The question of how to cook quinoa elicits strong opinions from those who make it often. Find the way that matches your taste preference and cooking style and go for it.
Pre-toast? Some cooks swear by pre-toasting the quinoa. It’s worth a try if you are a quinoa fan or didn’t like quinoa the first time you tried it.
Soak and/or rinse? Some people claim that you have to soak and/or rinse quinoa to get rid of the “saponin,” the natural coating that protects quinoa seeds from pests in the field. According to many, the saponin lends a stronger, sometimes bitter flavor to the quinoa. A lot of quinoa is pre-rinsed, including the kind found in bulk sections of grocery stores. (Note that pre-toasting and soaking shouldn’t be combined. One or the other.)
Amounts.The quinoa will about triple in size, so start with one-third of the final amount of cooked quinoa you want. Cooked quinoa also freezes well, so you might want to make a good amount and freeze it in 1- or 2-cup amounts.
Soak, rinse, and stovetop. Soak the quinoa in plenty of water for at least 30 minutes, up to 24 hours. Drain and rinse the quinoa using a mesh strainer. Put the quinoa in a saucepan with as much water as the amount of dry quinoa you started with (e.g., 1 cup), plus a little salt, bring to a boil, turn down the heat, cover the pot, and simmer about 10 minutes.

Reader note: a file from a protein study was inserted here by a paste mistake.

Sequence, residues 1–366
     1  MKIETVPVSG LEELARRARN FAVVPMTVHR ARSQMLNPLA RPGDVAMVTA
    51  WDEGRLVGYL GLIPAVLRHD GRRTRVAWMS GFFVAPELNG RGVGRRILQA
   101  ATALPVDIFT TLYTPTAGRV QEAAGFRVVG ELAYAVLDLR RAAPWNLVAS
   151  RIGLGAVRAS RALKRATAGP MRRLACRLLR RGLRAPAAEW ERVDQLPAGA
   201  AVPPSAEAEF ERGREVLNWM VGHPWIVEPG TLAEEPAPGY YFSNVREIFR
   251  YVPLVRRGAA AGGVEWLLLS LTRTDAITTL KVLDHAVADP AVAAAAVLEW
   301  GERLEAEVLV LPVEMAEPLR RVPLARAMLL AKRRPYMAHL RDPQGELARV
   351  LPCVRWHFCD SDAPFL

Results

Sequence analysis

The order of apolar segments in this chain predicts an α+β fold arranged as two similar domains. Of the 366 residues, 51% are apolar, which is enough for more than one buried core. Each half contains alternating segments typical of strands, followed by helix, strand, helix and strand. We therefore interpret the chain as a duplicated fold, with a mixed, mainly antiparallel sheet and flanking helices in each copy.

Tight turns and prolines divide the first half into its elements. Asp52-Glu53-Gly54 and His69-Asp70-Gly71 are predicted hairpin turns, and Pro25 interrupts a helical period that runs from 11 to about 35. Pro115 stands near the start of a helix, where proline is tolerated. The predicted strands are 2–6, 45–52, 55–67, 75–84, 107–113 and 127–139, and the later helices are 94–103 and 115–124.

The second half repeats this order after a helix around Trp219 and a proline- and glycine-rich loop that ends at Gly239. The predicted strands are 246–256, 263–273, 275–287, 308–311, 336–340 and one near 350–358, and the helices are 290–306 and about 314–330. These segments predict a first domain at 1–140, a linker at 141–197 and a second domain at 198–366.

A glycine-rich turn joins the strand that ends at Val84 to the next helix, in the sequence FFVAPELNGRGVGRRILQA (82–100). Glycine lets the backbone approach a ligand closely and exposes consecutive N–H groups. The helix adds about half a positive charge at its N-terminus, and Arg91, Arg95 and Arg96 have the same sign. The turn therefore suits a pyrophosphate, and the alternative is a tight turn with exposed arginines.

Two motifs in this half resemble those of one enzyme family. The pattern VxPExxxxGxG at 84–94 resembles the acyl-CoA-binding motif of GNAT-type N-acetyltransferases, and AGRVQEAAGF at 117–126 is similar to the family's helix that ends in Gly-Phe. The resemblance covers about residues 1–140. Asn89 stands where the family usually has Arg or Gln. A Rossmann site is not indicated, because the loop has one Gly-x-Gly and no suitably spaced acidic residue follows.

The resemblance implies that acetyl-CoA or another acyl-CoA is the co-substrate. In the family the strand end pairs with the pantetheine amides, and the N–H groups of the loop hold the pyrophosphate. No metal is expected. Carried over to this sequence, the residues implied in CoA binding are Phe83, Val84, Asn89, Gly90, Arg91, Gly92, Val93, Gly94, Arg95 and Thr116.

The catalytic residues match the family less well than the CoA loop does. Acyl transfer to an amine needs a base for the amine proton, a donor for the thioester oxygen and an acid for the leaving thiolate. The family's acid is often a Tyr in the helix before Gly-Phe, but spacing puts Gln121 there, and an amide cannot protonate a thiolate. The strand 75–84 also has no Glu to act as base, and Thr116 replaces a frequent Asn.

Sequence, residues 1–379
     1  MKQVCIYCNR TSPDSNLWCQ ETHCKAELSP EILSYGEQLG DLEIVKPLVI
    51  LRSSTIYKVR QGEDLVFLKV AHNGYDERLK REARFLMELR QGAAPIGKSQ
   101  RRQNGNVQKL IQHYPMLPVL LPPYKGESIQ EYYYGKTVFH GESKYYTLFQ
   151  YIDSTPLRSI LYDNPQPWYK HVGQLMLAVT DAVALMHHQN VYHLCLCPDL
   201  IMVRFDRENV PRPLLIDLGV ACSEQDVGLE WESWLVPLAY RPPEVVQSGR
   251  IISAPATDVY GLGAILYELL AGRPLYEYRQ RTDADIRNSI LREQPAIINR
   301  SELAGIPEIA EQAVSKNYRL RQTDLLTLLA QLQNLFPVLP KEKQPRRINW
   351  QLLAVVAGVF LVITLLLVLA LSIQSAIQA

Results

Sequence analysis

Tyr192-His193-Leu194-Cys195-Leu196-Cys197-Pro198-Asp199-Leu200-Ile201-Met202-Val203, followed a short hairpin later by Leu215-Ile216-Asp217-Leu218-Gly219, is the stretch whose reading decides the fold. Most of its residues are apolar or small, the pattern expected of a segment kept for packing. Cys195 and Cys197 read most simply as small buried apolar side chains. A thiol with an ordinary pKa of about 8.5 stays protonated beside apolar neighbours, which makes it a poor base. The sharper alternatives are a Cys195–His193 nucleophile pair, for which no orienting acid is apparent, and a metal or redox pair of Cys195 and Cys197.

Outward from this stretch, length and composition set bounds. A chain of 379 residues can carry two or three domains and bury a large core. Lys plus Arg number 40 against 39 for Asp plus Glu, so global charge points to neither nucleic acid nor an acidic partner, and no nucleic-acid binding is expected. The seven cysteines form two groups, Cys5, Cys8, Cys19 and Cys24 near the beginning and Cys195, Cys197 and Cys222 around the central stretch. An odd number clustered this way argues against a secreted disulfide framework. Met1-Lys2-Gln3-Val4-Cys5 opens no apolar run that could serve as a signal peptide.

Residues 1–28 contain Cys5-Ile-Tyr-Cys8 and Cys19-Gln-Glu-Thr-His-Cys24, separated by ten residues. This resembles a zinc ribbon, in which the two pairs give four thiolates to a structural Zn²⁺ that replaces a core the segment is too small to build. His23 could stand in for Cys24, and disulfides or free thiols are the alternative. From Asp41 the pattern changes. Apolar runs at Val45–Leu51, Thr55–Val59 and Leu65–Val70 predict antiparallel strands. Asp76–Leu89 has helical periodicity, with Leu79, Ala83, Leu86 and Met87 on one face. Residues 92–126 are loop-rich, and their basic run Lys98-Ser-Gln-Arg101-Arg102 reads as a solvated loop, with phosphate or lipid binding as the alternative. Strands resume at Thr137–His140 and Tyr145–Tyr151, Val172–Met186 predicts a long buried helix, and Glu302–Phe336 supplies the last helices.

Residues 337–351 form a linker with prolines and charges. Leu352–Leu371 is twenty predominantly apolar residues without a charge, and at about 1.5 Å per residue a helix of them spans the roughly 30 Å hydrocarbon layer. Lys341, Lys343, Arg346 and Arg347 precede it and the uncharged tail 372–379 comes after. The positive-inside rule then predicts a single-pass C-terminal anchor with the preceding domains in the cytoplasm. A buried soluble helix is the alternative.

Pre-toast, rinse and stovetop. Pre-toast the dry quinoa (or skip this step) by pouring the measured dry quinoa into a sauté pan or skillet and turning on the heat to medium-low. Within a couple of minutes the quinoa starts to smell a bit like popcorn and begins popping. Once it pops a minute or two, take it off the heat. Then rinse thequinoa using a mesh strainer (or you can skip this step too). Put the quinoa in a saucepan with twice the amount of water as the amount of dry quinoa (e.g., 1 cup quinoa, 2 cups water), plus a little salt, bring to a boil, turn down the heat, cover the pot, and simmer for 15 minutes, then turn off the heat, keep the cover on, and let the quinoa sit for 10 minutes.
Instant Pot or other pressure cooker.Rinse the quinoa if desired. Optional to spray the insert pot with spray oil to keep the quinoa from sticking to the pot. For each cup of quinoa, use 1.5 cups water. Put them (and a little salt) in the pot, lock the lid and set the steam valve to the “sealing” position. Select “MANUAL” button and cook for 1 minute on high pressure. Allow the pressure to release naturally for 10 minutes and then release any remaining pressure.